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Understand the hassles with all that. Are you using the Scan 22W/8851T, 8 ohm woofer then? I'm listening to the BMRs right now I'm borrowing from KEW, these are the actual units that Erin tested recently. The old PE cabs are beautiful, and match my entertainment center perfectly. They sound great! Perhaps a bit bright for my odd ears, but super clean and distortion free! Imaging is remarkable. I suspect the extra bass the bigger SS bring would make me happier in the Tower version. Would you indeed be willing to share the Tower schematics? That would be great! Perhaps enclosure volume and port dia. and length too? I'll just build a rectangular box, my woodworking skills don't extend to curved cabinets!
I'm sure we can work something out. Yes, it's the 8852T. The new BMR is voiced down slightly. I'll have a revised BMR page up on my site tomorrow that will include a full set of measurements.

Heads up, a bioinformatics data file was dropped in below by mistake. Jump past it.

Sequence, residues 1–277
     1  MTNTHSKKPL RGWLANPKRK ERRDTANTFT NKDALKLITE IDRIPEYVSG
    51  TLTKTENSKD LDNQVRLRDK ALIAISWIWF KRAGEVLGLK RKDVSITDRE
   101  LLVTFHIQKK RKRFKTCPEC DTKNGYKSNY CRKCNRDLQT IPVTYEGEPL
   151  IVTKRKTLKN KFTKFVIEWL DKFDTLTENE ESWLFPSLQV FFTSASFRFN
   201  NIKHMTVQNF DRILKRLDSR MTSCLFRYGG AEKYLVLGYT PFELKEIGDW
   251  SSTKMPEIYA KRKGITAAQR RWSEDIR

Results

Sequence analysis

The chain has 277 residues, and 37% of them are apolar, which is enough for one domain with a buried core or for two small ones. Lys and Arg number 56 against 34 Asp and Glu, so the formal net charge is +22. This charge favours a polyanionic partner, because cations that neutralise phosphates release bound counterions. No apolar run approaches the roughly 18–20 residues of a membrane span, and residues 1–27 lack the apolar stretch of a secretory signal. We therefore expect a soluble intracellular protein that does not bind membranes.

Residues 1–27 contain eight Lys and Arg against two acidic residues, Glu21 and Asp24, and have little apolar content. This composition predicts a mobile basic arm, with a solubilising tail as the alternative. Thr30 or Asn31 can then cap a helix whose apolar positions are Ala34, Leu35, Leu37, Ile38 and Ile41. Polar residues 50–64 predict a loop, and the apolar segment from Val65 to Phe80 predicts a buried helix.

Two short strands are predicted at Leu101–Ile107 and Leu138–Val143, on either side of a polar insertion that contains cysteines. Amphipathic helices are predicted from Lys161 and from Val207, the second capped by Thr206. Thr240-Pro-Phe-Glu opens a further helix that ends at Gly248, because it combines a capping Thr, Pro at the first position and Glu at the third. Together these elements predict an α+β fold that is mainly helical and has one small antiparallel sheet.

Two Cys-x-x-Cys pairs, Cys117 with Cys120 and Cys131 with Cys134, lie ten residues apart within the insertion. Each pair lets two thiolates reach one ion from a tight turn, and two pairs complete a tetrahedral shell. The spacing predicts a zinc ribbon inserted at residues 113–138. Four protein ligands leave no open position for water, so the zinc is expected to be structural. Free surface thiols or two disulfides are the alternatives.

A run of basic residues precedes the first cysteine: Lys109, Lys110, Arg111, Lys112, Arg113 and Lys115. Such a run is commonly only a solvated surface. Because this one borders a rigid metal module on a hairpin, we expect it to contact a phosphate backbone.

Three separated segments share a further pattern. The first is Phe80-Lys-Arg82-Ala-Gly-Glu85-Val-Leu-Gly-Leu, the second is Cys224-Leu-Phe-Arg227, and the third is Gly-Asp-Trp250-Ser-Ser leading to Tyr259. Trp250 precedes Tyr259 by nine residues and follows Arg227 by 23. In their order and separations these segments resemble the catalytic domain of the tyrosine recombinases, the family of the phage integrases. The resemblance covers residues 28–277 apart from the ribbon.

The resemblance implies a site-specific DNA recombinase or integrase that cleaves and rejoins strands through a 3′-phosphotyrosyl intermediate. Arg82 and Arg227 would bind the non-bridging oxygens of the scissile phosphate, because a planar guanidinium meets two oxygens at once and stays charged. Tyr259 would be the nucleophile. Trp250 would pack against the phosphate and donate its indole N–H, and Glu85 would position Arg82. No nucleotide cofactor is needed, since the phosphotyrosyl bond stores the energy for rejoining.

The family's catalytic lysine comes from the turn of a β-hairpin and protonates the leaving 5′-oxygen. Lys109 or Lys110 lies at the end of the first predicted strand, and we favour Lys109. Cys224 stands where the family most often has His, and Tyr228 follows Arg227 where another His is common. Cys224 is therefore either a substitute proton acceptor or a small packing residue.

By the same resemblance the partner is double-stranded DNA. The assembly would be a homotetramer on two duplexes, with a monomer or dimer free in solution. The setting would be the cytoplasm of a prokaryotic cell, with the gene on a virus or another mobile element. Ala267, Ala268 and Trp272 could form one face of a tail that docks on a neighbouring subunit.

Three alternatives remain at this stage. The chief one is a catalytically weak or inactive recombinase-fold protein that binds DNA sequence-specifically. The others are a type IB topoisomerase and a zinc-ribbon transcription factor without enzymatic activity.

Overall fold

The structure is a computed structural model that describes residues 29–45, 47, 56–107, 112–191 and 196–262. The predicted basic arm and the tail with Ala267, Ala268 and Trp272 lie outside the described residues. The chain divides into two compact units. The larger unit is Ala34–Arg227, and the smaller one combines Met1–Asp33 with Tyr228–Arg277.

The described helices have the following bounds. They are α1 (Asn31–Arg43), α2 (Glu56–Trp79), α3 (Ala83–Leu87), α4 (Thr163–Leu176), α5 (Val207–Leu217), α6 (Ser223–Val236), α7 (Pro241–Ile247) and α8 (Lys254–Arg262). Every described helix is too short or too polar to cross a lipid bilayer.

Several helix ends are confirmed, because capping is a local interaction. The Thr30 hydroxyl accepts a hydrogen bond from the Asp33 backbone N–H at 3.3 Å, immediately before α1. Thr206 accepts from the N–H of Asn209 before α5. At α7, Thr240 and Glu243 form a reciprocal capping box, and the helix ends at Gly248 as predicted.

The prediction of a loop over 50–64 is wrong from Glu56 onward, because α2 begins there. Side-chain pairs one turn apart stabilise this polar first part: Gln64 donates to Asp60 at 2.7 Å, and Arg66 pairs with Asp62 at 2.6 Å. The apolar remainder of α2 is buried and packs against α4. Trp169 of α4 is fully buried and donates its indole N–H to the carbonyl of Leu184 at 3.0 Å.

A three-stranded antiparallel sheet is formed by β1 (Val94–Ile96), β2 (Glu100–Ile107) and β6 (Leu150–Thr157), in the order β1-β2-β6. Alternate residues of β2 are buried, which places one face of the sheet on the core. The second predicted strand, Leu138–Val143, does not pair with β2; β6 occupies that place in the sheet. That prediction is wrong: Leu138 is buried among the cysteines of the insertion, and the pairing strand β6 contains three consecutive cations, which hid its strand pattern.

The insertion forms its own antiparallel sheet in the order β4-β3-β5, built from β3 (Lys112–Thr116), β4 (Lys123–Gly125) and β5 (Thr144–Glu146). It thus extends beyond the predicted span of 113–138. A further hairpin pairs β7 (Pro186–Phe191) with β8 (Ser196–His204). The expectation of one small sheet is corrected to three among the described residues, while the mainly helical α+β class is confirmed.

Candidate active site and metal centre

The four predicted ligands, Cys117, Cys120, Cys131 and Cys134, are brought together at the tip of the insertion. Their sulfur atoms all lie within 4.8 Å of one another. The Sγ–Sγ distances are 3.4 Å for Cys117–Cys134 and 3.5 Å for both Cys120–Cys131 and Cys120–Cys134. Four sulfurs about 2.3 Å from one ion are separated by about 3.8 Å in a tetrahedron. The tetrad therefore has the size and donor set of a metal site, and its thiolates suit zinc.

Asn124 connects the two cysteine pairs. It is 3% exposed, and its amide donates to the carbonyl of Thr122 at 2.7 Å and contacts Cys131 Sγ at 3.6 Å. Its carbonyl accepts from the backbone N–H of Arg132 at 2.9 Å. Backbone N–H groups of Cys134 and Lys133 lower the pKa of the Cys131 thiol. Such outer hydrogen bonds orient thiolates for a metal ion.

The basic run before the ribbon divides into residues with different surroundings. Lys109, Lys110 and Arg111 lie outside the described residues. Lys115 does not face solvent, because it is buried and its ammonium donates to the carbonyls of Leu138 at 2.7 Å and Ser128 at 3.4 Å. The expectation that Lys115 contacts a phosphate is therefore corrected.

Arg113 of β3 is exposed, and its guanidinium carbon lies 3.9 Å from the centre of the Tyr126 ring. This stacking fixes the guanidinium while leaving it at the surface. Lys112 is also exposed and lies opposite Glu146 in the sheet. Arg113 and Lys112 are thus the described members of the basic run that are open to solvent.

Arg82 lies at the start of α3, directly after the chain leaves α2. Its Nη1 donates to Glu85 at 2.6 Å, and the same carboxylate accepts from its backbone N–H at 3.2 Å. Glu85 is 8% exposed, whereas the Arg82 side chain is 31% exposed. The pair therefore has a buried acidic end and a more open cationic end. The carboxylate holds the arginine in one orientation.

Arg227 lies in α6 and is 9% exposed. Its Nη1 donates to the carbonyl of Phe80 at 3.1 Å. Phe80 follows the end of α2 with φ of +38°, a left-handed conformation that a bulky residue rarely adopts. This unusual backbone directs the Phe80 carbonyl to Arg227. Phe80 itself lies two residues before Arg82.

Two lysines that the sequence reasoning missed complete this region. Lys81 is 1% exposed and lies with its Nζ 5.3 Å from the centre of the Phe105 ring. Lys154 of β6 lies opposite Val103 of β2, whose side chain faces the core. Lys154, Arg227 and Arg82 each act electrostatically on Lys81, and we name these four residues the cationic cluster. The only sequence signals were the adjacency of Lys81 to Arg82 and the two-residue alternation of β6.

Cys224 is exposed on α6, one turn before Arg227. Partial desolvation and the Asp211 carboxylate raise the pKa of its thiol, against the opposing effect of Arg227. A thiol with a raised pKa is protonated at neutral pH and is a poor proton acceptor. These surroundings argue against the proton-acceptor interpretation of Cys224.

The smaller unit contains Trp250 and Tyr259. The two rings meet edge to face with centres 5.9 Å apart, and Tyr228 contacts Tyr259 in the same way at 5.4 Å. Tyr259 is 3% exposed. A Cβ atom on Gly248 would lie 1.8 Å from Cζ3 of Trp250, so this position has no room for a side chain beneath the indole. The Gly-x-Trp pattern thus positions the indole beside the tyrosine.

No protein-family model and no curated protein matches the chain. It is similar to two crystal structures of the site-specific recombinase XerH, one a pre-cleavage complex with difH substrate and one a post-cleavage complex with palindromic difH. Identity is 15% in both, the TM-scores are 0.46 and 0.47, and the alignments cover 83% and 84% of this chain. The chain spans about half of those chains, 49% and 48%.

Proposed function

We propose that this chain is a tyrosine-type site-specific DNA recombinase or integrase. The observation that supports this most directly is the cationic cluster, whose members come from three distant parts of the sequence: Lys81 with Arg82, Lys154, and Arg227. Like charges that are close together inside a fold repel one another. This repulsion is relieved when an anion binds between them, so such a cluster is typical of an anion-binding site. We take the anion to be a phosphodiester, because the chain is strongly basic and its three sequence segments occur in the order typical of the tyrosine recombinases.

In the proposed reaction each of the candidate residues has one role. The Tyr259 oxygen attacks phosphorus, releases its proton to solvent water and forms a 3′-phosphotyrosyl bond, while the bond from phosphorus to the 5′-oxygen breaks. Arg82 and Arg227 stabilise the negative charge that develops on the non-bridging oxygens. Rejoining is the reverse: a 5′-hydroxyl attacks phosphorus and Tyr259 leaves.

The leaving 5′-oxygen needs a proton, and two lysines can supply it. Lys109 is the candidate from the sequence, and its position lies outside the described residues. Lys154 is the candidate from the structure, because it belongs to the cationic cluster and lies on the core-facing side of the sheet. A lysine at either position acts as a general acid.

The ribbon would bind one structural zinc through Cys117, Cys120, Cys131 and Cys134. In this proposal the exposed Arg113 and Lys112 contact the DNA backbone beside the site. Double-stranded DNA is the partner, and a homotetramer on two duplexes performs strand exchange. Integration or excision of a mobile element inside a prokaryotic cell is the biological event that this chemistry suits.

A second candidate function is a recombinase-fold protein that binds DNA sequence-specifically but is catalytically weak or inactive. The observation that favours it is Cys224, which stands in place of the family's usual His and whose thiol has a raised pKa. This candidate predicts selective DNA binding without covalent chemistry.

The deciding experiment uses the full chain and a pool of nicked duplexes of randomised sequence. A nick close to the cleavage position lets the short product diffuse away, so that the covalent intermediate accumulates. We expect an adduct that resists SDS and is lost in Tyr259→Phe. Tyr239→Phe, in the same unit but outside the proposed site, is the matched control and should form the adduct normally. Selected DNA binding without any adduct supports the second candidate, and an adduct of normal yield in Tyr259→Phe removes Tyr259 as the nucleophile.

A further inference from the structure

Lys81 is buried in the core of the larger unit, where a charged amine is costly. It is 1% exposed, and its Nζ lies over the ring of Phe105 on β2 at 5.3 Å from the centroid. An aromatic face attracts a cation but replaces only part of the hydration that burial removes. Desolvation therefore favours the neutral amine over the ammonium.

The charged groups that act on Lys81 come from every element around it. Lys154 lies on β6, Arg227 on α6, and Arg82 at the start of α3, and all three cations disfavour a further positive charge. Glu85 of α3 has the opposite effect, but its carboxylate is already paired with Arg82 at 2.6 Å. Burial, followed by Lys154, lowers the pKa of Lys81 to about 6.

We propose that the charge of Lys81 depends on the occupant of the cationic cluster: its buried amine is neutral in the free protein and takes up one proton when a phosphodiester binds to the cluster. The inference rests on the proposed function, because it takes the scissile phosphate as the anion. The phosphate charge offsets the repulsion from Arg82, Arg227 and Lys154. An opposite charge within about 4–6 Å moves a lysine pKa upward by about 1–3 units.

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Right woofer--wrong impedance. I'm using the 8-ohm version, which is only 1 dB less sensitive and makes crossover much easier. The main cost difference over the BMR monitor would be the cabinet cost, including manufacturing cost and shipping cost from Over There. Pricing is not set, nor is cabinet finish. The tower would be intended primarily for the domestic market, and we would not be walking a tightrope between finish tones that appeal to both sides of the Pacific. I personally would favor a dark, rich brown with something this large. As for kits, I'm kind of down on them. There are too many quality control issues that are difficult to control. But I would probably be willing to share the crossover schematics withr those willing and able to take something like this on.